Prime Minister Christopher Luxon and his Thai counterpart, Prime Minister Srettha Thavisin, have today agreed that New Zealand and the Kingdom of Thailand will upgrade the bilateral relationship to a Strategic Partnership by 2026. “New Zealand and Thailand have a lot to offer each other. We have a strong mutual desire to build ...
    7 days ago
  • Government consults on extending coastal permits for ports
    RMA Reform Minister Chris Bishop and Transport Minister Simeon Brown have today announced the Coalition Government’s intention to extend port coastal permits for a further 20 years, providing port operators with certainty to continue their operations. “The introduction of the Resource Management Act in 1991 required ports to obtain coastal ...
    7 days ago
  • Inflation coming down, but more work to do
    Today’s announcement that inflation is down to 4 per cent is encouraging news for Kiwis, but there is more work to be done - underlining the importance of the Government’s plan to get the economy back on track, acting Finance Minister Chris Bishop says. “Inflation is now at 4 per ...
    7 days ago
  • School attendance restored as a priority in health advice
    Refreshed health guidance released today will help parents and schools make informed decisions about whether their child needs to be in school, addressing one of the key issues affecting school attendance, says Associate Education Minister David Seymour. In recent years, consistently across all school terms, short-term illness or medical reasons ...
    1 week ago
  • Unnecessary bureaucracy cut in oceans sector
    Oceans and Fisheries Minister Shane Jones is streamlining high-level oceans management while maintaining a focus on supporting the sector’s role in the export-led recovery of the economy. “I am working to realise the untapped potential of our fishing and aquaculture sector. To achieve that we need to be smarter with ...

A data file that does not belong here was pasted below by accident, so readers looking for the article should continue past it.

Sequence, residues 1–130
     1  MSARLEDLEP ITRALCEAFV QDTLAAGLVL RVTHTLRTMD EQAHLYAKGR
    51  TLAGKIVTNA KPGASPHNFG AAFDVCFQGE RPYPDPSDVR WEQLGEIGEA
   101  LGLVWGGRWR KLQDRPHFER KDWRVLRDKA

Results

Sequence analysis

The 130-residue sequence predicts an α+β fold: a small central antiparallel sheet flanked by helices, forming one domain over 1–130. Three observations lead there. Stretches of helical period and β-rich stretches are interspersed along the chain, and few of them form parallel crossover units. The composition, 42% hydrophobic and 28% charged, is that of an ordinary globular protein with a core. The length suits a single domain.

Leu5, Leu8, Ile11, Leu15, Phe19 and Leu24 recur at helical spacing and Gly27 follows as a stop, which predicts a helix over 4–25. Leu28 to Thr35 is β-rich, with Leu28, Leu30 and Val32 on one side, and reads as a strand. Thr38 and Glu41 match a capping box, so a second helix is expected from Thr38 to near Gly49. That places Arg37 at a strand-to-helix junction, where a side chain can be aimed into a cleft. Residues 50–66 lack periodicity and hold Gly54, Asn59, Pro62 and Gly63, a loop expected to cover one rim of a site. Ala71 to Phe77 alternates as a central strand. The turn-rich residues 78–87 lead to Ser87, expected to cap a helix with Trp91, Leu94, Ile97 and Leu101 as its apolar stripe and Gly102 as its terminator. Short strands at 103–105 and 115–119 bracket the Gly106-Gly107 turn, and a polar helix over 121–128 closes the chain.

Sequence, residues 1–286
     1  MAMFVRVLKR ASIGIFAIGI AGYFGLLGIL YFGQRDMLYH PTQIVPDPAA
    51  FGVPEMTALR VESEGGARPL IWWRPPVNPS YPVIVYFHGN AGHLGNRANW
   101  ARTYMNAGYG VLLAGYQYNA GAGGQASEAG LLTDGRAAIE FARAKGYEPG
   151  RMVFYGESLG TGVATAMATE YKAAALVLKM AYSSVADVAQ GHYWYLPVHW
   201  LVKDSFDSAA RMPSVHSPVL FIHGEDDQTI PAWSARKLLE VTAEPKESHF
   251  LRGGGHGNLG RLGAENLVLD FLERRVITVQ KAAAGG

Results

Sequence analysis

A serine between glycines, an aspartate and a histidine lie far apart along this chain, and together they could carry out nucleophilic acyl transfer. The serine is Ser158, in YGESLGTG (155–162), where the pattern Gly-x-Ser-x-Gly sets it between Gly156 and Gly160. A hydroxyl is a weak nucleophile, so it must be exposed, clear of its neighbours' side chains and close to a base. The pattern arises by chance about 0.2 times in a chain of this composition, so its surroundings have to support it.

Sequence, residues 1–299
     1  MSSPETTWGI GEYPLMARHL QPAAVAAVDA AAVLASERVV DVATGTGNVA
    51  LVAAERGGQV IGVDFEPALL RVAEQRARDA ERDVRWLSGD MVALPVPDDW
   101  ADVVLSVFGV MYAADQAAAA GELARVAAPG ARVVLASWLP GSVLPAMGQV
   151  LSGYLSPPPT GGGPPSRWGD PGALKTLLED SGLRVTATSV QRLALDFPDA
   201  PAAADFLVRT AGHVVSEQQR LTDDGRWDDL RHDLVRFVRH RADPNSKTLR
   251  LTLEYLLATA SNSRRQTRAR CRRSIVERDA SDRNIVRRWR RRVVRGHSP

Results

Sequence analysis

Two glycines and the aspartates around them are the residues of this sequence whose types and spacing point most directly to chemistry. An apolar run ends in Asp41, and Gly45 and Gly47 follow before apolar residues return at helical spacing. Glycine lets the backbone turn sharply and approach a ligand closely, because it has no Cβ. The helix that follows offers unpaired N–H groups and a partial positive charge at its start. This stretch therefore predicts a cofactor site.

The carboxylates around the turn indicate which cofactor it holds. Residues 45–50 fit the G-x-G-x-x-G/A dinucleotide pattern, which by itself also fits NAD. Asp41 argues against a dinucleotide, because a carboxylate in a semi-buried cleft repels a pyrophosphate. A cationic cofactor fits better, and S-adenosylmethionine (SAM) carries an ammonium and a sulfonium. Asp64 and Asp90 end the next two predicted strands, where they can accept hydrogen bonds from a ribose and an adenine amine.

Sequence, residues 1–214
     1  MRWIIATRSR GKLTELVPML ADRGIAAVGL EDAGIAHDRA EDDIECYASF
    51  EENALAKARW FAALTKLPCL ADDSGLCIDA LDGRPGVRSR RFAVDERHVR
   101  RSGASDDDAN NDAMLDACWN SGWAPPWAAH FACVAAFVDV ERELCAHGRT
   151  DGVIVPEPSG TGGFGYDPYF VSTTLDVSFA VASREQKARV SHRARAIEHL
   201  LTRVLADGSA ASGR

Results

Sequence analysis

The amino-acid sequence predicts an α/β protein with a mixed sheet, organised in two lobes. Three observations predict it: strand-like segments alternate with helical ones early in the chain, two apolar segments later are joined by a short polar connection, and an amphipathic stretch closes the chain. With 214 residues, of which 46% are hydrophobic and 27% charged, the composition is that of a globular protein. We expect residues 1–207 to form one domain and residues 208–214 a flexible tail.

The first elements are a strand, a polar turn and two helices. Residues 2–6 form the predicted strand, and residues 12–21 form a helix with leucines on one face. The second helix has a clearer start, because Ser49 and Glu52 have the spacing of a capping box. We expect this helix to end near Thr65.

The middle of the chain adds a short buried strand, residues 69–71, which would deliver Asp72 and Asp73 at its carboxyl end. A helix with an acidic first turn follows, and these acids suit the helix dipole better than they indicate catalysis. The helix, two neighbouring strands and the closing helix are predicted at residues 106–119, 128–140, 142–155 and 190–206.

1 week ago
  • Patterson promoting NZ’s wool sector at International Congress
    Associate Agriculture Minister Mark Patterson is speaking at the International Wool Textile Organisation Congress in Adelaide, promoting New Zealand wool, and outlining the coalition Government’s support for the revitalisation the sector.    "New Zealand’s wool exports reached $400 million in the year to 30 June 2023, and the coalition Government ...
    1 week ago
  • Removing red tape to help early learners thrive
    The Government is making legislative changes to make it easier for new early learning services to be established, and for existing services to operate, Associate Education Minister David Seymour says. The changes involve repealing the network approval provisions that apply when someone wants to establish a new early learning service, ...
    1 week ago
  • RMA changes to cut coal mining consent red tape
    Changes to the Resource Management Act will align consenting for coal mining to other forms of mining to reduce barriers that are holding back economic development, Resources Minister Shane Jones says. “The inconsistent treatment of coal mining compared with other extractive activities is burdensome red tape that fails to acknowledge ...
    1 week ago
  • McClay reaffirms strong NZ-China trade relationship
    Trade, Agriculture and Forestry Minister Todd McClay has concluded productive discussions with ministerial counterparts in Beijing today, in support of the New Zealand-China trade and economic relationship. “My meeting with Commerce Minister Wang Wentao reaffirmed the complementary nature of the bilateral trade relationship, with our Free Trade Agreement at its ...
    1 week ago
  • Prime Minister Luxon acknowledges legacy of Singapore Prime Minister Lee
    Prime Minister Christopher Luxon today paid tribute to Singapore’s outgoing Prime Minister Lee Hsien Loong.   Meeting in Singapore today immediately before Prime Minister Lee announced he was stepping down, Prime Minister Luxon warmly acknowledged his counterpart’s almost twenty years as leader, and the enduring legacy he has left for Singapore and South East ...
    1 week ago